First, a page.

- BRC Global Food Standard.
- SQF 2000 level 2.
- International Food Standard (IFS).
- FSSC 22000.
In the field of food safety, these standards have been assessed by the GFSI on the basis of three elements.
- The presence of food safety management systems.
- The presence of codes of good practice (eg distribution).
- Working according to the principles of HACCP.
- More information about the individual standards click here
HACCP stands for Hazard Analysis and Critical Control Points and is aimed at guaranteeing the safety of a food. When processing food, all kinds of things can go wrong, endangering the safety of the food. Companies that produce or process food must have insight into the possible risks that can occur. These risks must be described in a food safety plan, which is part of the HACCP plan. All food processors are obliged to draw up a HACCP plan. HACCP is subject to European legislation.
With HACCP, a company checks the entire production process for possible food safety hazards. For each product, all stages of the production process, from raw material to consumption, are systematically subjected to a critical look. The possible dangers are mentioned. It must then be indicated how risks associated with these hazards are managed. The words Hazard Analysis and Critical Control Points stand for the following:
Hazard: A ‘hazard' is a hazard that can be present in a product and subsequently pose a threat to the health of the consumer. This concerns:
- Microbiological hazards: bacteria, fungi, viruses and parasites.
- Chemical hazards (harmful substances): dioxins, heavy metals, pesticide residues, etc.
- Physical hazards: glass, hard plastic, wood or metal particles, etc.
Analysis: Analysis stands for analyzing the possible dangers present. An assessment must be made of the risk. The risk is a combination of the probability of the hazard and the seriousness of the health consequences if this were to happen.
Critical Control Points: Critical Control Points (CCPs) are the critical control points. These are points in the process that, if insufficiently controlled, can lead to disease or other consequences for public health. So they must be kept under control to avoid any danger. Possible CCPs include cooking, refrigeration and the prevention of cross-contamination.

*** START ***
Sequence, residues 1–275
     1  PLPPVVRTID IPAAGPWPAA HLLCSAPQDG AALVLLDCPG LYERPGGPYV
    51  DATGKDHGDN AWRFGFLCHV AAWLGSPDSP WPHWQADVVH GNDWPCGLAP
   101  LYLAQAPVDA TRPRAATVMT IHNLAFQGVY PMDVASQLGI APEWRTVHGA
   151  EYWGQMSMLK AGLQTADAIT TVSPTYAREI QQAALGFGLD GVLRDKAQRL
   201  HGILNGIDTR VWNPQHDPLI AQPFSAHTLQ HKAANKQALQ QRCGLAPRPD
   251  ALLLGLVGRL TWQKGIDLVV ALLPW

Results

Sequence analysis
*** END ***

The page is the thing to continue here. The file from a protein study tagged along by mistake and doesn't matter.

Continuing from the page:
In addition to the CCPs, there is often also talk of Quality Control Points (QCPs) and Legal Control Points (LCP).
Quality Control Points: quality control points are steps in the production process, which, if not adequately controlled, can lead to bad or spoiled products. No direct danger to public health, but the possibility of customer complaints and even recalls.
Legal Control Points (legal requirements): legal requirements are the requirements that are laid down in law and must therefore also be controlled. This can be compared to driving 50 km in built-up areas. These requirements do not have to lead to illness or spoiled products, but failure to comply with these legal requirements will lead to problems with the VWA and problems with audits.
In order to comply with the CCPs, QCPs and legal requirements (LCPs), the quality service has set up procedures, instructions and registration forms. Failure to perform the procedures can lead to illness or even worse. However, it can also lead to spoiled products among the customers. Or to problems with the VWA and the certifying institution.
It is therefore important that everyone is well aware of the HACCP and that it is properly recorded.
A company that produces, processes or distributes foodstuffs must have a HACCP certificate. An important process in HACCP is a HACCP plan. This is included in the Commodities Act. The HACCP plan is also known as a food safety plan. The plan can be developed by the entrepreneur himself. This plan should be developed according to certain guidelines. The plan focuses in particular on analyzing hazards and dealing with critical control points.
The plan should include topics such as hygiene standards for food processing and storage. All regulations of the Commodities Act must also be included in the plan. These can be general regulations, such as wearing clean clothes and good hand care.
The seven phases in the HACCP plan
The food safety plan consists of seven phases. The intention of these phases is to identify, evaluate and verify food safety hazards.
Phases of the HACCP plan:
- Inventory of hazards (Hazards).
- Determining critical points (Critical Control Points).
- Determining standards with regard to critical control points.
- Designing a control system for control points.
- Develop a procedure to correct any deviations.
- Design a method for documentation of information and procedures.
- Developing verification procedures.
The aim of the food safety plan is to guarantee the safety of food. Consumer health is central to this entire process. The HACCP plan partly ensures that visitors to a restaurant can eat there with peace of mind. All seven phases have been developed for this purpose. Each step in this process is crucial and must be handled carefully.
The advantages of a HACCP plan
Working with a HACCP plan has a number of advantages. The chance of contamination by bacteria is reduced and you increase the safety of the food. If contamination does occur, in most cases you will not be held liable for the damage suffered. The production process is also examined. Inefficient processes often come to the fore. These processes can then be improved.
What is a hygiene code?